www.15minuteservers.com
    www.nac.net

  4. #4
    It's even hard to think of a Tier 1 provider who's financially stable these days

    Having been in three data centers in two years, I can say that the financial stability of the company is very important unless you enjoy changing IPs and racking servers every few months. What I look for now is someone who truly knows their core competencies and has built their business around them.

  5. #5
    Join Date
    Dec 2002
    Location
    Kingsland, Texas
    Posts
    21
    Ahhh... The golden rule in good supplier relationships. All vendors have to make a profit in order to continue being your supplier, you just want it to be a reasonable profit.

  6. #6
    Indeed, you want a combination that doesn't go belly up.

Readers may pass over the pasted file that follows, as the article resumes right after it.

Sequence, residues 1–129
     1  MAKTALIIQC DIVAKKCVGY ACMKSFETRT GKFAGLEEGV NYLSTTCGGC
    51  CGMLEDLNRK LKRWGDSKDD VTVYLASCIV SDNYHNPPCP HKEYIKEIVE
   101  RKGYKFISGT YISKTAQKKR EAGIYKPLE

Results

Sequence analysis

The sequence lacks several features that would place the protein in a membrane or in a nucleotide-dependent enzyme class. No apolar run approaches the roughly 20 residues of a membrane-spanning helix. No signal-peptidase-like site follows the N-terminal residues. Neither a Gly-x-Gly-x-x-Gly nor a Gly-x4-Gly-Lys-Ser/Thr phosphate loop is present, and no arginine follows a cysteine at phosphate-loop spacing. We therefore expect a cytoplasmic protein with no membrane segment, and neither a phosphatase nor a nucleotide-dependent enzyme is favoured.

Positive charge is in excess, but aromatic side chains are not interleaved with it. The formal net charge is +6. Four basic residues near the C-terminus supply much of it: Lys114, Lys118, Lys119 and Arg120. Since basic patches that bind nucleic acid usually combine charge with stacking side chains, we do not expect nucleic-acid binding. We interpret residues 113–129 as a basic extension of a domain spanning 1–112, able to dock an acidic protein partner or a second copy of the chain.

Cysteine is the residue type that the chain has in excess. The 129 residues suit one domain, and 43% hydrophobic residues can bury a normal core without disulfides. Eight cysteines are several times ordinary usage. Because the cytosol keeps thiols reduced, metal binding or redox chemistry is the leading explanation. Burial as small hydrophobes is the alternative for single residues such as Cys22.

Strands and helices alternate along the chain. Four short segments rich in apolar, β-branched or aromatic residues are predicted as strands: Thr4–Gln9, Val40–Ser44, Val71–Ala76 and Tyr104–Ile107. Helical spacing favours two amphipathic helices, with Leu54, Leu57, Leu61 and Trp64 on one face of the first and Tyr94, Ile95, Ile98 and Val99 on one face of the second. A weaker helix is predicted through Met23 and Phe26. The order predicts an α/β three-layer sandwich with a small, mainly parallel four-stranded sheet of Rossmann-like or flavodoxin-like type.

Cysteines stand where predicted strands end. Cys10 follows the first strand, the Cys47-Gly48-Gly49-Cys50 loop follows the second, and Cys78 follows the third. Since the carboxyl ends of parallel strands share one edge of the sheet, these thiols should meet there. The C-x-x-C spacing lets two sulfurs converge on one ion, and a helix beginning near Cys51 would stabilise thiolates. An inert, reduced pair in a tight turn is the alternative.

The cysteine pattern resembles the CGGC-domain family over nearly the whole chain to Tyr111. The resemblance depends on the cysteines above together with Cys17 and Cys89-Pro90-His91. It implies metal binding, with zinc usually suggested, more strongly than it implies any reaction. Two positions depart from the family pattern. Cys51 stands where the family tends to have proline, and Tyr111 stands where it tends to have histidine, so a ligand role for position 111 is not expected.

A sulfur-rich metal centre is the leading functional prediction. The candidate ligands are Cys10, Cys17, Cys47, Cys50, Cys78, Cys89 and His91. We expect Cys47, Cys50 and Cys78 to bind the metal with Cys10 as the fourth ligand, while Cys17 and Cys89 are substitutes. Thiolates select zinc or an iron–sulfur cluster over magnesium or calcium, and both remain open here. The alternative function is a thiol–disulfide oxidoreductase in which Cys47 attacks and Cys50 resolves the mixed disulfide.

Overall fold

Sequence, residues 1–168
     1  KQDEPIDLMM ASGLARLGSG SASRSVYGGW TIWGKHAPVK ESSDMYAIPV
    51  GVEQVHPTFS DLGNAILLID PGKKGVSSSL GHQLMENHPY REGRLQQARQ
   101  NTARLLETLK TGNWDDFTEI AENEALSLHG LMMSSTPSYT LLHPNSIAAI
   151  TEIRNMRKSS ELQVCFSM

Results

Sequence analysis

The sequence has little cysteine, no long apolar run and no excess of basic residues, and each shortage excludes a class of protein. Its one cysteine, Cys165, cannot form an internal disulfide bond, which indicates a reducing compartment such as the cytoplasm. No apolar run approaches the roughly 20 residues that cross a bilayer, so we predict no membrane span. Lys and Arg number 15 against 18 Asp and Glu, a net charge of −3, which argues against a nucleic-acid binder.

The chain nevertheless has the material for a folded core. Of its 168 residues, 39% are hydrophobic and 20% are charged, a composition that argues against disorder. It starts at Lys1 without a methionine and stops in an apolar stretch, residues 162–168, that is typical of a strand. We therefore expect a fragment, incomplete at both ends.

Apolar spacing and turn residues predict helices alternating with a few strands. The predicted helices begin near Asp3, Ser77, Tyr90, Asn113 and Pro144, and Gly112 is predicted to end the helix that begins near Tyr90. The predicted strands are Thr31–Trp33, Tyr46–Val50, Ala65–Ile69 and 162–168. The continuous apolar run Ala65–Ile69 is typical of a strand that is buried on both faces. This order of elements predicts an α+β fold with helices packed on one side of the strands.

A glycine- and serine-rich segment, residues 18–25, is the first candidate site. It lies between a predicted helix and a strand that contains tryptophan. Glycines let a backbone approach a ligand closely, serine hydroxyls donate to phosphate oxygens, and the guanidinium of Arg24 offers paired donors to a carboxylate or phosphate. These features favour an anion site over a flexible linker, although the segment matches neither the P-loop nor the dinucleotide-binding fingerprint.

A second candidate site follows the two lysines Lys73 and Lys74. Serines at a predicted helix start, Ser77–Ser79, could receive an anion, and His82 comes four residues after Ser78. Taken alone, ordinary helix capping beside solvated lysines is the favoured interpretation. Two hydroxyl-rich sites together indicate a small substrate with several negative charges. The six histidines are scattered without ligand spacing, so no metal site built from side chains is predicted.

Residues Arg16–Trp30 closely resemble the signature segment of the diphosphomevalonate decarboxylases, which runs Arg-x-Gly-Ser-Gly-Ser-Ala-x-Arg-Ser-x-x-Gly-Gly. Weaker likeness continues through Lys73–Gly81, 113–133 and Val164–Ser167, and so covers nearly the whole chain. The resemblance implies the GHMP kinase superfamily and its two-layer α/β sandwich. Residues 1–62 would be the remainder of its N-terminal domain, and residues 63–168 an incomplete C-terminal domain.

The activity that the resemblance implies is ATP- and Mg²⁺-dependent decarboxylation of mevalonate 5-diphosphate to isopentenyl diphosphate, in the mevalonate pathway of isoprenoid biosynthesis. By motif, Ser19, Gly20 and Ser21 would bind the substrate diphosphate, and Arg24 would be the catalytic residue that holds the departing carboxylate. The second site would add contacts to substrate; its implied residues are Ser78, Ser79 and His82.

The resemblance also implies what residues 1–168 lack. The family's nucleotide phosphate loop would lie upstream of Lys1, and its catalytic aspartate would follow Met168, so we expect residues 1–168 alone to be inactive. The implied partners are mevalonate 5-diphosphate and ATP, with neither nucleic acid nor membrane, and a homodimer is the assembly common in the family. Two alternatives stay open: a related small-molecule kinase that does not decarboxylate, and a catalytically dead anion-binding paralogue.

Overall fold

The rest shouldn't matter.
    General Manager (512) 260-2523
    Global Gate Systems LLC. http://www.ggsys.net
    Collocation, monitoring, remote backups and consulting.

  7. #7
    Join Date
    Aug 2002
    Location
    Kelowna B.C.
    Posts
    1,687
    Owning a DC is not as important as the service that is provided and the viability of the company.

    The good part about owning a DC is you have control over the bandwidth providers in your building. Those who own their own DC don't share their space with anyone else. This is important if you think you'll go big, or you want to colocate boxes and give your customers access to them. Basically, owning a DC gives you more control of your destiny.